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Holcomb Says He'll Seek Statewide Pre-K in 2021

Governor's 2019 agenda doesn't expand preschool, but does include hate crime bill, career education course in high schools

(ZIONSVILLE, Ind.) - Two of the biggest items in Governor Holcomb's agenda for 2019 won't come before the legislature.

Holcomb says he'll seek to expand Indiana's state-funded preschool program to the entire state -- but in the budget session after this one, in 2021. He says he won't seek any extra money for pre-K in the upcoming state budget. "On My Way Pre-K" serves 3,000 students in 20 pilot counties, and Holcomb says he'll use child care grant money to pay for 500 more students in those counties.

And Holcomb says he's working with the federal government to expand the Healthy Indiana Plan to cover people who land a job but can't sign up for health insurance immediately.

Holcomb announced his agenda in Zionsville, but several items are proposal he'd already signaled he'd pursue. The governor will ask legislators to pass a hate crimes law. Indiana is one of five states without one -- a bill passed the Senate in 2016 but has stalled there the last two years. Holcomb also wants a half-dozen school safety measures recommended by an administration task force after a school shooting in Noblesville in May. He wants to require schools to form a referral partnership with local mental health providers, increase the state's Secured School Safety Grant Fund by five-million dollars, and allow schools to spend that money to hire police officers, not just school resource officers.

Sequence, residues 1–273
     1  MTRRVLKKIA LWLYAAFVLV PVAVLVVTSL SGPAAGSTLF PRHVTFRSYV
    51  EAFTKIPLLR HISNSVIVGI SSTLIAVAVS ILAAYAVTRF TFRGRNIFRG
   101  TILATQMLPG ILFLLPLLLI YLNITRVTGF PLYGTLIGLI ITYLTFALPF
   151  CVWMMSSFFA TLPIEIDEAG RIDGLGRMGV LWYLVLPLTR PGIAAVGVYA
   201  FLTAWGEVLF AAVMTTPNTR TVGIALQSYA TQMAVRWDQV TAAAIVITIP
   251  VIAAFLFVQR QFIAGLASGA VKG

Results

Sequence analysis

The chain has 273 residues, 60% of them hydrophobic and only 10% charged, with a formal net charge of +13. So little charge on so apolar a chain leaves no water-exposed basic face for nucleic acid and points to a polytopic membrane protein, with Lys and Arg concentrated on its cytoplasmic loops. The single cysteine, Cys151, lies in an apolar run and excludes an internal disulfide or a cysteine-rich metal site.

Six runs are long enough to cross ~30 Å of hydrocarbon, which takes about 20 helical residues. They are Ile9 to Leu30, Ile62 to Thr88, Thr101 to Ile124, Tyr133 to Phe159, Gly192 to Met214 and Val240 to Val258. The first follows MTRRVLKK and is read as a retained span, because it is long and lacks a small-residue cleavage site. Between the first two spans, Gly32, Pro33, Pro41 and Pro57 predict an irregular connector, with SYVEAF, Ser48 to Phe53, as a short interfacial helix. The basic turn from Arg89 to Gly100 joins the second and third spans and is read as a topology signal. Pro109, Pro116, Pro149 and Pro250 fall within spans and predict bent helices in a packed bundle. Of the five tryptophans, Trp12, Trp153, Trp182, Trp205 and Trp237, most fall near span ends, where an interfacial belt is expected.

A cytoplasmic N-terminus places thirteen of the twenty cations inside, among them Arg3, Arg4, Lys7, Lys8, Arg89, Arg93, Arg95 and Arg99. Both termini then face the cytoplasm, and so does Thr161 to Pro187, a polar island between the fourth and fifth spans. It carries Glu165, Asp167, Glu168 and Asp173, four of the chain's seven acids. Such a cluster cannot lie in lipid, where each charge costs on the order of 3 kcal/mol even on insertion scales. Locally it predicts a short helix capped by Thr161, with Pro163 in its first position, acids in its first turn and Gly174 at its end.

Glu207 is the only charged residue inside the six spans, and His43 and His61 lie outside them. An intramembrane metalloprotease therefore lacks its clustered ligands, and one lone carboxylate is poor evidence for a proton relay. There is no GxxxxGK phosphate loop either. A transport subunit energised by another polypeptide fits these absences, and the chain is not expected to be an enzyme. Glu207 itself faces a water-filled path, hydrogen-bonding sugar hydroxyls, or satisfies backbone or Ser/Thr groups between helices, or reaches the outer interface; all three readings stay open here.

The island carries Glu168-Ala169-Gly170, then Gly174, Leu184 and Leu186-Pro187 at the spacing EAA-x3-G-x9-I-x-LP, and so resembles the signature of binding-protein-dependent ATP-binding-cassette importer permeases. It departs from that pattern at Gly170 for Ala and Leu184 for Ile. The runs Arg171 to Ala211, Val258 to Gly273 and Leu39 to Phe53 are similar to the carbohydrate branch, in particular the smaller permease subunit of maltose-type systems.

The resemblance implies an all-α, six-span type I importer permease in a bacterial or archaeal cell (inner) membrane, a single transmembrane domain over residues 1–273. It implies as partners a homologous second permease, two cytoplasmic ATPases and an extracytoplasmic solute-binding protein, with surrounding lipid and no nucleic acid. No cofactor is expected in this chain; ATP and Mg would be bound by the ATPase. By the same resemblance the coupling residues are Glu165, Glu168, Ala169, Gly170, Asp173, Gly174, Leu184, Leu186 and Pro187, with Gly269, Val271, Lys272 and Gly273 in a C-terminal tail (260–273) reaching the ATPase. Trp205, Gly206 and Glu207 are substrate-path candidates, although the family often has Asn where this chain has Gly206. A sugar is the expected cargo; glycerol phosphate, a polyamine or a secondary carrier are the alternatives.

Holcomb's also adding his endorsement to House Republicans' call to increase teacher pay, though the details of how to do that still haven't been worked out. Holcomb says those raises may not begin immediately, and won't be complete until 2021. And the governor is reaffirming his call for a new required verbal screening of pregnant women to spot and treat women with drug addictions before they give birth.

Holcomb's also calling for a smattering of business tax credits, and will ask legislators to require a one-semester career-education course in high school.

Gov. Eric Holcomb (right) with Lt. Gov. Suzanne Crouch (Photo: Eric Berman/WIBC)

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